Singapore elections are over with a big win for the ruling PAP but what is the future for Singapore and what is the biggest challenge for the PAP?
The new government to be formed by Prime Minister Lee Hsien Loong will have another five years to fix some pertinent issues.
They will also have the five years to push forward with their strategies to keep Singapore attractive and profitable for investors.
Right now, the key companies in Singapore are facing the full brunt of the COVID-19 economic slowdown.
SPH just released a report indicating its challenges, which can be listed as follows:
Due to Covid-19, SPH is facing an accelerated decline in print ad revenue, a sharp drop in shopper footfall for its retail malls, and uncertainty over international student enrollment for its purpose-built student accommodation (PBSA) business.
This is one example of the challenges the Singaporeans will be facing in the next six months.
However, we believe the country is now stuck with a rise in nationalism (which is apparent in most of Southeast Asia and is not unique to Singapore).
The PAP will have to deal with the rise in nationalistic sentiments. No doubt this is a big issue for a country where the foreign legion is a must to push both its investments drive and keep its malls and spaces clean!
The anti-foreigner sentiments grew with the number of foreign workers contracting the coronavirus after the outbreak in Singapore.
The country was one of the places where the COVID-19 was sufficiently contained with the government locking the country down.
But the outbreak of the virus among foreign workers—perhaps due to the immense number of them in the country and a total lack of expectations the outbreak will hit them—set the PAP and the country backward in its fight against COVID.
Nevertheless, the locals were forgiving and did not punish the PAP for the handling of the foreign workforce hit by the virus.
They were happy with the handouts given to them and to companies employing Singaporeans in particular.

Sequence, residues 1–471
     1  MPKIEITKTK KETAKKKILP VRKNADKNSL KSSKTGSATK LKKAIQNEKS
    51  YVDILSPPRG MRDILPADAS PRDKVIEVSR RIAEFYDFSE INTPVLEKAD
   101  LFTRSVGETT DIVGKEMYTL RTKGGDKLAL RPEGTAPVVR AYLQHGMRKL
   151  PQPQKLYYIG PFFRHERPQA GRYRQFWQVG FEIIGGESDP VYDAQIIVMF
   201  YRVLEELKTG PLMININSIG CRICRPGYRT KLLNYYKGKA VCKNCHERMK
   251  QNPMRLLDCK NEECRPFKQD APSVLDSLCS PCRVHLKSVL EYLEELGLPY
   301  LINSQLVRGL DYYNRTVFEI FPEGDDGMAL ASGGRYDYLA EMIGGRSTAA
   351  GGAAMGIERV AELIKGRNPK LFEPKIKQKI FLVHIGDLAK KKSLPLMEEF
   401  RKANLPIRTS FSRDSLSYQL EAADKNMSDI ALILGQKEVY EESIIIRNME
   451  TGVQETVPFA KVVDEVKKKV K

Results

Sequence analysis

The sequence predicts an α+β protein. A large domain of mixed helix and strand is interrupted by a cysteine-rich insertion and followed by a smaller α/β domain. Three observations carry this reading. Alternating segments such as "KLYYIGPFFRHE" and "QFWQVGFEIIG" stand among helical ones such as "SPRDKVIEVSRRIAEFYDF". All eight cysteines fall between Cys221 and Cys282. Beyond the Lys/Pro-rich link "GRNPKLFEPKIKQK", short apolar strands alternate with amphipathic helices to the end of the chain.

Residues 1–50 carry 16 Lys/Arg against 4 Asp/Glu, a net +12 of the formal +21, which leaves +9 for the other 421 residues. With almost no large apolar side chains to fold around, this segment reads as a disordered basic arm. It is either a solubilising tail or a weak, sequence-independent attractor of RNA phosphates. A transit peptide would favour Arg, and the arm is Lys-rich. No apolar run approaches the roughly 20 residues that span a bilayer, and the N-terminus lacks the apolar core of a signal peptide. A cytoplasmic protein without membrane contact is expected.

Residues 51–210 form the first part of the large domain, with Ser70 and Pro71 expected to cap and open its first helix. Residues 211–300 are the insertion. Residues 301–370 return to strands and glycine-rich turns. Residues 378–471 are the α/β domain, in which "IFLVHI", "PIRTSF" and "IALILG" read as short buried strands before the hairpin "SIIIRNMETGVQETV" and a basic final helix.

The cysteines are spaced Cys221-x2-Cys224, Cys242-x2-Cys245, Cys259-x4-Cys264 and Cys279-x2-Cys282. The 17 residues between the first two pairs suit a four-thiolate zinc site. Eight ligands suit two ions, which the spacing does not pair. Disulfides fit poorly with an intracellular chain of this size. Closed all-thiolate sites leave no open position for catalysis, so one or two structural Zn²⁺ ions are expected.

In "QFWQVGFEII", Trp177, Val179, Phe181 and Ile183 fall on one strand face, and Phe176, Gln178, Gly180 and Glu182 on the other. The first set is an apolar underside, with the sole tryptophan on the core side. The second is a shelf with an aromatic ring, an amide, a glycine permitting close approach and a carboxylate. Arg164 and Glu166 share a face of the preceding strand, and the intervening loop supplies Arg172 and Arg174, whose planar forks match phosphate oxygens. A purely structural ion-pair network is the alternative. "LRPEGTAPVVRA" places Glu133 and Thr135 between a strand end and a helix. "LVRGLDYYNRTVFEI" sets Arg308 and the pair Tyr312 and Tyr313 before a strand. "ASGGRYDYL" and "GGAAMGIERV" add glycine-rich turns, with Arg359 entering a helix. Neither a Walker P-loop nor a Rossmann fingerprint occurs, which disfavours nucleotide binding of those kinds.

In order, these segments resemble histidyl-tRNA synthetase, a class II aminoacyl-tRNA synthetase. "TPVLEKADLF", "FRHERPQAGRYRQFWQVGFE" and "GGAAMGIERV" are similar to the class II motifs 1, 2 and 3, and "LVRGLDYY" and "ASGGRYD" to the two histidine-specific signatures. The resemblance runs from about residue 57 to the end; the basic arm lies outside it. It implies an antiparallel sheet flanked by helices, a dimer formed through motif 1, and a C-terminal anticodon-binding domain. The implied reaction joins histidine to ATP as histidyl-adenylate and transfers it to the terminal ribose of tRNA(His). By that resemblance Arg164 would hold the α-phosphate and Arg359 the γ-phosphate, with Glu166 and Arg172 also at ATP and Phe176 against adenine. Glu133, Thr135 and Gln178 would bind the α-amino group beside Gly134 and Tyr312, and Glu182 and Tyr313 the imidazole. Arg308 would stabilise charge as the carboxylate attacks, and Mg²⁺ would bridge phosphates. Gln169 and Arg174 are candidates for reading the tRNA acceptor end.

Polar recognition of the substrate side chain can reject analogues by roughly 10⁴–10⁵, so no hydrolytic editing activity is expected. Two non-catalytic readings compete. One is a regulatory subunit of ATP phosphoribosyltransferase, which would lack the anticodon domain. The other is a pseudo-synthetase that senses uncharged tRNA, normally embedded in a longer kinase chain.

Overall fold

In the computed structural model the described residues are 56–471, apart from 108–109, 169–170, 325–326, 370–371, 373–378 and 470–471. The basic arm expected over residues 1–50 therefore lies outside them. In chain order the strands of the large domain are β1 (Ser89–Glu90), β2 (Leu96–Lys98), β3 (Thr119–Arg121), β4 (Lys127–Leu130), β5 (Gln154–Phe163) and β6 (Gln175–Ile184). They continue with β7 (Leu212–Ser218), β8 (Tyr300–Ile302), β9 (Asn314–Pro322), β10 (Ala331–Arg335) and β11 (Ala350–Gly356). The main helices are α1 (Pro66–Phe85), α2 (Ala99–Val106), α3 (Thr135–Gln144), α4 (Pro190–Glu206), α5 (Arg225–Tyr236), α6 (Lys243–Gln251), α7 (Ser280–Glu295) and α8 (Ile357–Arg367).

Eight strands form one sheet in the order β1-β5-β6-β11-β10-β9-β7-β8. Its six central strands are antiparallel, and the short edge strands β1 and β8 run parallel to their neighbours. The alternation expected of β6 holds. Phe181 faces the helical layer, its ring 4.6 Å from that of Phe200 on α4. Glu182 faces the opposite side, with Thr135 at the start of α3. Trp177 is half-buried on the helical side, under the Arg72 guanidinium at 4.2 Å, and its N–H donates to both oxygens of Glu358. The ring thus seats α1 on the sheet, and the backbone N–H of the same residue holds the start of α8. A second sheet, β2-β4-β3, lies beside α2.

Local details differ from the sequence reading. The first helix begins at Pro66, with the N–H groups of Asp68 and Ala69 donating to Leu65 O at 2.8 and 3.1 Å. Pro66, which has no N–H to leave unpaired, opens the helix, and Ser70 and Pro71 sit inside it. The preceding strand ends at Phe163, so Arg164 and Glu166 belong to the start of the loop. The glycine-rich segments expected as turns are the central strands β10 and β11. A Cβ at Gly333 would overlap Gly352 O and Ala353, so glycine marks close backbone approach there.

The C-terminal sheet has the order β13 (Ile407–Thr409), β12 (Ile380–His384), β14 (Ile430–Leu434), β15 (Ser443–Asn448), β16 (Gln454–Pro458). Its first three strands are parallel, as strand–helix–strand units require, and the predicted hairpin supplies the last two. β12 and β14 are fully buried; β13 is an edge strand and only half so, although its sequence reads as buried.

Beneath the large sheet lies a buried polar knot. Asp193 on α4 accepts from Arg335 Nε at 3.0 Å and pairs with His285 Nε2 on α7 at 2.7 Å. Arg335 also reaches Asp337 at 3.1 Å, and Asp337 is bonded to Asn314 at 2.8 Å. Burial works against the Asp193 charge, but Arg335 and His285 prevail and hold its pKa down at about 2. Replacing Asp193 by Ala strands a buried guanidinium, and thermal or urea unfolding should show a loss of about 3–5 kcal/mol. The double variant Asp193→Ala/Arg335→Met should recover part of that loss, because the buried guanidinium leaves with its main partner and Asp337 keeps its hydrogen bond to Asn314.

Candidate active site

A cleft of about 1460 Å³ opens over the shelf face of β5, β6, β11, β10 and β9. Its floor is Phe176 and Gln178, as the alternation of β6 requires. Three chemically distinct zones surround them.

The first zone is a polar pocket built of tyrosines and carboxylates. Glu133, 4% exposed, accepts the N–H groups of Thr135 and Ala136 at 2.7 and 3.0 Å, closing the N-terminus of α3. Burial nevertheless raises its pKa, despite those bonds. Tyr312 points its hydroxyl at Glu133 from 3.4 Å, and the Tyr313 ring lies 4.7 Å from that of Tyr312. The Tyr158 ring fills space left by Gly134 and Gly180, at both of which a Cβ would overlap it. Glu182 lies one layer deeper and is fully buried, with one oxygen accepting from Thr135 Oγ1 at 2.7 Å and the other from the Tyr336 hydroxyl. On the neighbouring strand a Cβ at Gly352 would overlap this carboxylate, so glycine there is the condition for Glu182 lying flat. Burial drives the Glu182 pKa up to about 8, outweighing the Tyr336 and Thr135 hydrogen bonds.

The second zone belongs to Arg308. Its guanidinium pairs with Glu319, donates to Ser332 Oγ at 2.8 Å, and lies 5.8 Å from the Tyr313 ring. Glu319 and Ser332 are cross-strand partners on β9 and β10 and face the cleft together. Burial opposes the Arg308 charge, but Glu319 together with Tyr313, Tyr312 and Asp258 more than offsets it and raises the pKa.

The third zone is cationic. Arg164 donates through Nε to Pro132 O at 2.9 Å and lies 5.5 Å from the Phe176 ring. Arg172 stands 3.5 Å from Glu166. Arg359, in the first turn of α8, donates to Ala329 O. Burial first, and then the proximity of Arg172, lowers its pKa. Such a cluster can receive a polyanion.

This alone wiped out any dissent that could have existed in Singapore against the PAP for allowing ‘too many’ foreigners to work in the Island state.
Some political parties (in the opposition) tried to get some mileage from the handling of foreign workers, but it was to their detriment. They lost badly.
Nevertheless, we believe the nationalistic sentiments will be on the rise in Singapore now that the economy is not going to see any rapid recovery.
It will be about the share of the wealth the locals are getting and the jobs they are willing to take to keep their households going.
ASEAN TIGER NO MORE?
Whether we like it or not, Singapore is the Asean tiger but the rise in nationalistic sentiments and the faltering economy could turn it into a paper tiger.
The country needs to reinforce its policies to bring in more high quality investment.
What made Singapore such a secure place to invest and grow your investment? Surely the security and protection the government offers to investors are paramount to the success of the state.
This is only one aspect that makes the Island an attractive destination for business. There is also the freedom for foreign companies, and local ones too, to employ foreigners.
This has become a main issue of contention for the PAP with rising concerns from job seekers that they are not getting value for money with their hard-earned degrees.
With more people becoming vocal on the issue, the government now needs to tackle this problem in the smoothest way to keep the integrity and the image of the country intact in the eyes of both the locals and the foreign companies.
However, Singapore also depends a lot on the Asean.
The borderless Asean offers investors a haven where they can grow their money with the Singapore brand.
But nationalism is never a comfortable situation certainly when locals start staring at the huge wages of the foreign ‘consultants’, like in the old days of colonialism.
Unfortunately, the rise of nationalism entails the risks investors would face with the government constrained to take steps to redress the situation in favour of the locals.
We believe this will be the PAP’s biggest challenge in the coming five years, along with issues related to housing and of course the growing geopolitical concerns in the South China Sea.